We are now entering a second phase of BYOD (bring your own device) for education. You might have missed it because it happened so quickly. In this new phase, the emphasis has shifted from BYOD adoption to building better BYOD strategies. The average BYOD policy for schools is now far beyond “Put away your cell phones!”
The State of K-12 BYOD
Here is a quick review of how BYOD has already transformed K-12 education:
- In 2014, BYOD programs expanded to reach the majority (56 percent) of U.S. school districts, with lower adoption at the prekindergarten through third grade levels and much higher (84 percent) at the high school level (Digital School District Survey, Center for Digital Education and the National School Board Association)
- Seventy-eight percent of IT professionals in education said that students and teachers were using their personal devices in school, regardless of the policy. Eighty-four percent of school districts that didn’t allow BYOD had received frequent requests from faculty and students to change that policy (Bradford Networks)
- The market for K-12 apps and online education hit $8.4 billion in 2014. Testing, BYOD and personalized learning were the leading drivers of this growth (2014 U.S. Education Technology Industry Market: PreK-12 Report, The Education Technology Industry Network)
This new phase is about establishing strategies for better managing what educators do with BYOD. In the old model, teachers would upload an assignment or supporting documents to a central server for students to download. That’s not how things work anymore.
We live in a collaborative, mobile society where peer-to-peer communications and collaborations dominate our daily tasks. Enterprise file synchronization and sharing (EFSS) has migrated from work to schools. EFSS refers to the way individuals can directly share documents, photos, schedules and other files between their devices, which normally depends on cloud-based communications.
Mobile users can now synchronize versions and collaborate more efficiently on team projects. Gartner recently predicted that EFSS will see rapid growth over the next three years and expand the capabilities for related technologies, such as mobile content management (MCM).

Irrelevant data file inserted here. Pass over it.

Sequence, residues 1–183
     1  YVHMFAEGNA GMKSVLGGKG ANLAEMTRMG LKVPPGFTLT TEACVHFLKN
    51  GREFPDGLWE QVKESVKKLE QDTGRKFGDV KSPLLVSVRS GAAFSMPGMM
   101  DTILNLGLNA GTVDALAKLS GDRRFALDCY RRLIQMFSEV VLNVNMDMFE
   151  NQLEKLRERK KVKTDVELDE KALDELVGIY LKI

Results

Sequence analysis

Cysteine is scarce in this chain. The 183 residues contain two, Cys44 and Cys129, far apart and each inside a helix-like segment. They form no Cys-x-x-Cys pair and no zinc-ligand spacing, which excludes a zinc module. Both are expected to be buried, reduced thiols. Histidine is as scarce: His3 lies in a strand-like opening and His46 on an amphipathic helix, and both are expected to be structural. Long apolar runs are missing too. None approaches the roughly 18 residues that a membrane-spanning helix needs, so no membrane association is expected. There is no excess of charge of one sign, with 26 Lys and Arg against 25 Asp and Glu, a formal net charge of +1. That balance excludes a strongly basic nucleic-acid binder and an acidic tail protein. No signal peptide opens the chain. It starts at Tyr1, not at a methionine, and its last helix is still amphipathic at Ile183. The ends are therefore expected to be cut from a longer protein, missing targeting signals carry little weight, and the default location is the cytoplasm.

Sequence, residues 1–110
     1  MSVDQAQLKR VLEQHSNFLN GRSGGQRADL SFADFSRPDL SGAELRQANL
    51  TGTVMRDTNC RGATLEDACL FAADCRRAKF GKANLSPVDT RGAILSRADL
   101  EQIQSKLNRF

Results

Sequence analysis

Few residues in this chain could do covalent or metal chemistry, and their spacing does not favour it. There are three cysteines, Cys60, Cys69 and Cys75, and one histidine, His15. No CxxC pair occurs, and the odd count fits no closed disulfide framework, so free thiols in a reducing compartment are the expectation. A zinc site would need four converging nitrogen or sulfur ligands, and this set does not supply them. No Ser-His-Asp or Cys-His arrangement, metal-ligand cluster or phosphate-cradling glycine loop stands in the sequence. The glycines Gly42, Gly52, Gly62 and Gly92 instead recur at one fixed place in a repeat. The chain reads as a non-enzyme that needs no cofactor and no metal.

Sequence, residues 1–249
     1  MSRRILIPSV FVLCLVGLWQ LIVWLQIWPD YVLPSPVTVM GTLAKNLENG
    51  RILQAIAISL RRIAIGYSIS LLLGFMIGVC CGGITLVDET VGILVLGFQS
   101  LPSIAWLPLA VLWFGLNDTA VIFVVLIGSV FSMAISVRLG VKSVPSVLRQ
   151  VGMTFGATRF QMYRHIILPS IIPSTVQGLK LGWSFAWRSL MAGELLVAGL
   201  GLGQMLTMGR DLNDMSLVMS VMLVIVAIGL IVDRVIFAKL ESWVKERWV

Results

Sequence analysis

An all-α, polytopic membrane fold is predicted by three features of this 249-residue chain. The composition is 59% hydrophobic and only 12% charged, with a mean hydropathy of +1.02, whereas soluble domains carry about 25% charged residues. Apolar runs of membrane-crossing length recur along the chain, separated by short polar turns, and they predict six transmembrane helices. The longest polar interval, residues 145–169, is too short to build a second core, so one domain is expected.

MCM governs how files are stored and shared securely within a network. The security aspect is critical for parents who want to arrange ride-sharing, check on their children’s schedules and exchange information with teachers. Schools with progressive BYOD strategies and policies are already beginning to facilitate innovative ideas like geolocation-assisted pickups, location tracking during field trips and messages about students from administrators to parents.
At the university level, BYOD is required by many institutions. As children progress toward that goal through the lower grades, BYOD can mean much more than just a new way of collaborating on homework assignments. New engineering innovations based on BYOD are already reshaping parent-teacher-student-administrator communications. These advances are helping parents and students stay engaged with events at school throughout the year in a more effective, more intuitive way using the devices that they already prefer.
At labs108, we are expanding what BYOD can do with designs like Skool Commute, a K-12 mobile Platform that is personalized for each school. As children learn how to make better use of today’s BYOD, MDM, MAM, MCM and specifically EFSS technology in education, they become much better prepared to handle whatever technological advances are coming next.